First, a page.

Prisoner of Jesus Christ
I press on to take hold of that for which Christ Jesus has taken hold of me...Philippians 3:12
I have one tattoo and that is enough. Sometimes people look at this and wonder if I am a quack or religious nut. People who are religious, complain that the tattoo seems negative, that we are followers of Christ by choice, not by duress.
This is not how I see it, with the risk of sounding unkind. My tattoo originates from two of Paul’s epistles. Ephesians chapter three, and the book of Philemon. In both, Paul (who was imprisoned in Rome at the time) refers to himself as a prisoner of Jesus Christ, but he is not complaining. He is making an observation about something he has sized up and had a long time to think about.
Few people could compete with Paul in regards to his conversion story. Tracked down on the road to Damascus where he was en route to persecuting the early Christian Church, he was confronted by a light from heaven which knocked him to the ground. He heard the voice of Jesus Christ speaking to him loudly and directly. What came after is indisputable. His life was turned around and he became a formidable force for good instead of evil. I wonder how much thought he gave to his conversion? Seems he didn’t have much of a choice.
And so it is, that as I grow older and the call to faith bounces around in my brain for another year, I contemplate how it is that I identify myself as a Christian. We are entering times it seems where such pronouncements are not welcome in open society. We think of religious convictions as something people should keep to themselves, lest they be accused of prostelytizing. This is a maddening turn of events when you have found something to be true, but culture discourages you from expressing it.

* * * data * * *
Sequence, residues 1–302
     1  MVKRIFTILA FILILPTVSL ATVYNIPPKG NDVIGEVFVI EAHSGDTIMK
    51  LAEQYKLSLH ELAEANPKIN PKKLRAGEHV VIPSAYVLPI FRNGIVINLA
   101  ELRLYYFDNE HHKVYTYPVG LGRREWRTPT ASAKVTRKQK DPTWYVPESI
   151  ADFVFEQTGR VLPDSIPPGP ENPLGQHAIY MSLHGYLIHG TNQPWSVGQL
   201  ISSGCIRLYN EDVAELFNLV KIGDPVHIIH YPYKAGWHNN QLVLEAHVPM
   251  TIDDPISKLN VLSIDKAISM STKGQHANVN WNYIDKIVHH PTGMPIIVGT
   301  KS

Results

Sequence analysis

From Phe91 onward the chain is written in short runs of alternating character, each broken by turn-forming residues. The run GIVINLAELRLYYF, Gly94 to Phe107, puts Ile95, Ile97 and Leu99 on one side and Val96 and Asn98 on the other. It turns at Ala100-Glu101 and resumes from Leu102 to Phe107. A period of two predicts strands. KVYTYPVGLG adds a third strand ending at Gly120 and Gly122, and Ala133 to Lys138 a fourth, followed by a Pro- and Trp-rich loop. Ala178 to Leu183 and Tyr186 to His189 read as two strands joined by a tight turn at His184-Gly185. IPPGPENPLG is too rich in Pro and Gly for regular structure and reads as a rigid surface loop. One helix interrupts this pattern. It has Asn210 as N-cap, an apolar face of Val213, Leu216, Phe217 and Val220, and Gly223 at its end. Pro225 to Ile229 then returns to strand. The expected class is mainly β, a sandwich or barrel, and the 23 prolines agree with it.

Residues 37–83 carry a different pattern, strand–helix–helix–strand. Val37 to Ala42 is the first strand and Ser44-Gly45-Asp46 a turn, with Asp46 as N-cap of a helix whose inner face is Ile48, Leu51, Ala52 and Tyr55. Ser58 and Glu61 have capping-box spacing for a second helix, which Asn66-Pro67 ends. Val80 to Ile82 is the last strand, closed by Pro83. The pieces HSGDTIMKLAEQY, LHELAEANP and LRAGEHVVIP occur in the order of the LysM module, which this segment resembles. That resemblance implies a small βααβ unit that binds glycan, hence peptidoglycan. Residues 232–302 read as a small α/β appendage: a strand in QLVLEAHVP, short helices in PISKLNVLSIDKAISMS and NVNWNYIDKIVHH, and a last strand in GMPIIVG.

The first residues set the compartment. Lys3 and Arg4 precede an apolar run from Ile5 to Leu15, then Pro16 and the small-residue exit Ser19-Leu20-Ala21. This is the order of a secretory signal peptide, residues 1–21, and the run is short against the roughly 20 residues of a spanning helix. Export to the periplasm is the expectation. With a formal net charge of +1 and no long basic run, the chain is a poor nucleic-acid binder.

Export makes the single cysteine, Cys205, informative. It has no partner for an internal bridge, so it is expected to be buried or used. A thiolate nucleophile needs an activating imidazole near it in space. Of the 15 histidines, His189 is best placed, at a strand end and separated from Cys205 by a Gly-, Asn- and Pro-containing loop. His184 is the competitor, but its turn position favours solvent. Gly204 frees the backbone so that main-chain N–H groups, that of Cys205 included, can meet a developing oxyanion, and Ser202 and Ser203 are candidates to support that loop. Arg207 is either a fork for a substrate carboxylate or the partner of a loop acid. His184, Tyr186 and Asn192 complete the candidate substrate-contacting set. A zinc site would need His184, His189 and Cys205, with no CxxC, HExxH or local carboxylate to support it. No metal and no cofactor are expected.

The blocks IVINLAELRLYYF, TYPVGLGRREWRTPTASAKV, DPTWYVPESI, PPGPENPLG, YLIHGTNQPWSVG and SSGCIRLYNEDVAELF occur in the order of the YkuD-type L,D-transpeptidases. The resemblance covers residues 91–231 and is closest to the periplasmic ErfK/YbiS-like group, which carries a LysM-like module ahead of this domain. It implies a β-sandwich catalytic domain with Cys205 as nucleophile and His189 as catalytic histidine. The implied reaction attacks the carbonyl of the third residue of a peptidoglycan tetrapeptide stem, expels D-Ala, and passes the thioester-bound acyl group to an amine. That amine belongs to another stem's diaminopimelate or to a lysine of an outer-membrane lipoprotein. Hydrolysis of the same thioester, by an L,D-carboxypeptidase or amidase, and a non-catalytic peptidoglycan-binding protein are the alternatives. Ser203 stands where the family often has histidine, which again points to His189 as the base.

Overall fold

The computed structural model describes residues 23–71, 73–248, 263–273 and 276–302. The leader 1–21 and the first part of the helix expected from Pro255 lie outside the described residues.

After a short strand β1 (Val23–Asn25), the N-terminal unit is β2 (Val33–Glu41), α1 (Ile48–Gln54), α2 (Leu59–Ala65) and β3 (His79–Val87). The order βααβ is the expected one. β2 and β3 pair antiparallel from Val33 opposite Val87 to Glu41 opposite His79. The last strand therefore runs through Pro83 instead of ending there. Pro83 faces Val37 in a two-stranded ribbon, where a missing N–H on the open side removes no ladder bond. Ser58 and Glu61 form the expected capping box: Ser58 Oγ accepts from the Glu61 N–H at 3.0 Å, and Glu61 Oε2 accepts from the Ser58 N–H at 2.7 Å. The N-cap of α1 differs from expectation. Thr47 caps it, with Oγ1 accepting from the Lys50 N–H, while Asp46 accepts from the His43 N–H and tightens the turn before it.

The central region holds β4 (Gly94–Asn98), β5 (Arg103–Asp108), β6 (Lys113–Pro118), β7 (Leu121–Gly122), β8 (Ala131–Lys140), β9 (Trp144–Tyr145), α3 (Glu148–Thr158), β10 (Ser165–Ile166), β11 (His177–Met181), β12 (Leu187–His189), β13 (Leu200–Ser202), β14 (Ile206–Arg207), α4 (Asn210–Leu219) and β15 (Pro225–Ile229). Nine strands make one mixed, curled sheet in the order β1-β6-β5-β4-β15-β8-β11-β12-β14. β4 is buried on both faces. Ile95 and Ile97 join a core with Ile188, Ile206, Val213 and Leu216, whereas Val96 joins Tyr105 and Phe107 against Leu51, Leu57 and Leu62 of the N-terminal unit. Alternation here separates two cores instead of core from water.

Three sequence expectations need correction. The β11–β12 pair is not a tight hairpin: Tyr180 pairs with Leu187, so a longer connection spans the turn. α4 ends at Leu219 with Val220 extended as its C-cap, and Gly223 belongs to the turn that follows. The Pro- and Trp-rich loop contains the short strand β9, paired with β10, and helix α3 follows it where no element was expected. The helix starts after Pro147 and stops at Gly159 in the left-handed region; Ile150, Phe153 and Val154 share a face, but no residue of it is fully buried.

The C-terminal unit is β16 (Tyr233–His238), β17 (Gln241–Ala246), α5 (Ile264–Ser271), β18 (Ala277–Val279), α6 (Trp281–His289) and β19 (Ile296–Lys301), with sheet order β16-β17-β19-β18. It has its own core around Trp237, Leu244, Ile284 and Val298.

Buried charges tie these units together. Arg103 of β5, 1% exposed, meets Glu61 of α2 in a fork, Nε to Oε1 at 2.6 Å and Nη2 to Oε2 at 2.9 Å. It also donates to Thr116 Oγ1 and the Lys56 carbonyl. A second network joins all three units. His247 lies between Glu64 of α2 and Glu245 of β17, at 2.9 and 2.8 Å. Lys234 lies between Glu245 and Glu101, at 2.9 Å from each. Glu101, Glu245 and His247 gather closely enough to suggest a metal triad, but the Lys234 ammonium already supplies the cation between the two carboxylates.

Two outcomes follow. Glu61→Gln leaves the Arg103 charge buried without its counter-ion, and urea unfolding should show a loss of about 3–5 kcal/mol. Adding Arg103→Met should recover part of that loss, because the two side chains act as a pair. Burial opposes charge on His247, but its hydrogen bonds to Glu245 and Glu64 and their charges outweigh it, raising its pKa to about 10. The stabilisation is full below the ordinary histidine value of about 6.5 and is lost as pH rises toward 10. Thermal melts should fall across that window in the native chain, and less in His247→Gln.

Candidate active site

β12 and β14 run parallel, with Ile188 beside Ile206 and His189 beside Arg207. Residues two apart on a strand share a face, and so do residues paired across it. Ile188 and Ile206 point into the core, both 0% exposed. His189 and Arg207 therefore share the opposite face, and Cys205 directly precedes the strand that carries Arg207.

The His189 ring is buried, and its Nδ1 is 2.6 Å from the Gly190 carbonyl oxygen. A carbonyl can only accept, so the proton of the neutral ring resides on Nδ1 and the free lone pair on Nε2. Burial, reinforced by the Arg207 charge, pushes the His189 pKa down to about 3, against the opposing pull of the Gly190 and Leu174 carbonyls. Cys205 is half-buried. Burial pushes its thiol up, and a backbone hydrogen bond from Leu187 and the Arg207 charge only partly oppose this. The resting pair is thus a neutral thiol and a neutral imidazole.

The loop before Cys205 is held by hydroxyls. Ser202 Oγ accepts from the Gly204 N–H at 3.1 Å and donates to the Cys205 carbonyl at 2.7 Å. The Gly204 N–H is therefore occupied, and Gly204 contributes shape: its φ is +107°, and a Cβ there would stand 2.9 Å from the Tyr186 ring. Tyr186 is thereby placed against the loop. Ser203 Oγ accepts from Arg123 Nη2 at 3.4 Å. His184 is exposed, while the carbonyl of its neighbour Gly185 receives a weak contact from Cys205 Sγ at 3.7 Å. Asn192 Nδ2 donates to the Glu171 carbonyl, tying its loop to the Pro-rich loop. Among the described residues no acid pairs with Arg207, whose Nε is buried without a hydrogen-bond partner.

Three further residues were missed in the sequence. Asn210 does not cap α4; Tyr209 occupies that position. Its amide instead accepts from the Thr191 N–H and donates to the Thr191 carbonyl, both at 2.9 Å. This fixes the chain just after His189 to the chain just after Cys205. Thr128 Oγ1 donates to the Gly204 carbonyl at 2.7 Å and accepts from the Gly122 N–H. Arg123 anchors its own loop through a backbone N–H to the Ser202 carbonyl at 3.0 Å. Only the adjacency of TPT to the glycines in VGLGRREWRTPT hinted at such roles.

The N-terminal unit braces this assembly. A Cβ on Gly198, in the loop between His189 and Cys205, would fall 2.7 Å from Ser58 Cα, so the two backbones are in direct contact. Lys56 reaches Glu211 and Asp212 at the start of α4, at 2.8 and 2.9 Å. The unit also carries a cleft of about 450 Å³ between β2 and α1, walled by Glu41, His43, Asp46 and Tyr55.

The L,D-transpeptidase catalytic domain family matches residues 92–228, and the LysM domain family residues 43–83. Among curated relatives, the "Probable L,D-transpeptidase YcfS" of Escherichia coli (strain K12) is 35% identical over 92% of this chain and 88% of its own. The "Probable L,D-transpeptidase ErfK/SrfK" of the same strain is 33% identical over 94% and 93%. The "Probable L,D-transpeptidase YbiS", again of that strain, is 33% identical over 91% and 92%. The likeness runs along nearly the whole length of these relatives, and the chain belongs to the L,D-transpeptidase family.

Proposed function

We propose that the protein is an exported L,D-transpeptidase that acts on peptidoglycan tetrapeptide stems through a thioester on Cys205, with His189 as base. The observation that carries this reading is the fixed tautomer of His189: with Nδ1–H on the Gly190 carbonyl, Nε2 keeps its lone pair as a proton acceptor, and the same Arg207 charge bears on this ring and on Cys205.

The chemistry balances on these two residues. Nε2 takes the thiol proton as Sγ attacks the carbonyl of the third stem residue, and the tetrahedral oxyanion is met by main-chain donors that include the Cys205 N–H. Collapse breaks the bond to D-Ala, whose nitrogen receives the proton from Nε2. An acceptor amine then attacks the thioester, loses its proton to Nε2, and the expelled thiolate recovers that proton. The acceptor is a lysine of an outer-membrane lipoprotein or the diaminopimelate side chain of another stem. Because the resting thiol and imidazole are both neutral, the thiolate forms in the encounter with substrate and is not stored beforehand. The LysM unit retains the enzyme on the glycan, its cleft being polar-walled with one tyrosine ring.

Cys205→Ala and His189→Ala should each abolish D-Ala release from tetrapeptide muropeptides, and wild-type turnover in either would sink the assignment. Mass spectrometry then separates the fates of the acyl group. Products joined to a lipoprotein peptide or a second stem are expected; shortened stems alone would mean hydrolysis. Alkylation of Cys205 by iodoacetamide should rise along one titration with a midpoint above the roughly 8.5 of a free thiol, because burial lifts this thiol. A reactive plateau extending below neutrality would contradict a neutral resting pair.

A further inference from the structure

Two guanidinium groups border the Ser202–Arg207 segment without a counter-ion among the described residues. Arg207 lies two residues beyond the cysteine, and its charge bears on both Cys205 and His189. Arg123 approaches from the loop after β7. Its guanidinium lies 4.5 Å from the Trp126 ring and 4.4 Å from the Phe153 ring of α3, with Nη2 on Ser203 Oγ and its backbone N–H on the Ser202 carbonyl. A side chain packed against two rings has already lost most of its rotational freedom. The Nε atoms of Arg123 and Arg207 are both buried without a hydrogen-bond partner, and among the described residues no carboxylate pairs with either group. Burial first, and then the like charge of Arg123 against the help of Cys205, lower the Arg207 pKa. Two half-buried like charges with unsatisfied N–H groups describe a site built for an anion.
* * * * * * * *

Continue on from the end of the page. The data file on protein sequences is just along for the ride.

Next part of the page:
I was moved during the recent persecutions of Christians in the Middle East under ISIS, that Coptic Christians were easily identifiable because they would tattoo a cross on their wrists. It made me wonder, if there was such a persecution in society, how one might be identified as a Christian, and if you were, would you want to dodge the claim? I concluded to myself, that some things are incontrovertible. You come to a final word that is not your own. As Job stated when pressed, “Though he slay me, yet will I trust him. The Lord giveth and the Lord taketh away, blessed be the name of the Lord”. Let the chips fall where they may. Some things are simply right or wrong, and once recognized, are past argument. In that light, my tattoo is a guard against hubris, lest I lightly dismiss my own debt to the Gospel of Jesus Christ, if pressed.
My personal road to Damascus has been a somewhat windy one. Like Walker Percy, if you asked me what kind of a Christian I am, I would have to say, “A bad one”. Getting older has left me a bit irascible because I see things more clearly than when I was younger, and I get more excited about preventable disasters because I know what can go wrong. Growing older has also left me blunt to a fault. All of this makes me all the more aware of the power of the Gospel, and the need of the Gospel to knock off those rough edges. I look forward to that day of final redemption where I know as I am known, and where all debts are cancelled by the blood of the One who has power to do so.
I would also have to admit that I have often been an unwilling recipient of divine grace. And yet, the deep compassion of God has appeared on my life time and again, shining its light into the deepest darkness. These repeated rebuttals to my attempts to go it alone, make me lean toward the Calvinistic idea of predestination – that however this faith thing works, I feel inexorably called by a God who will not let go of me. At least I hope not.
Until then, I remain, happily a prisoner of Jesus Christ.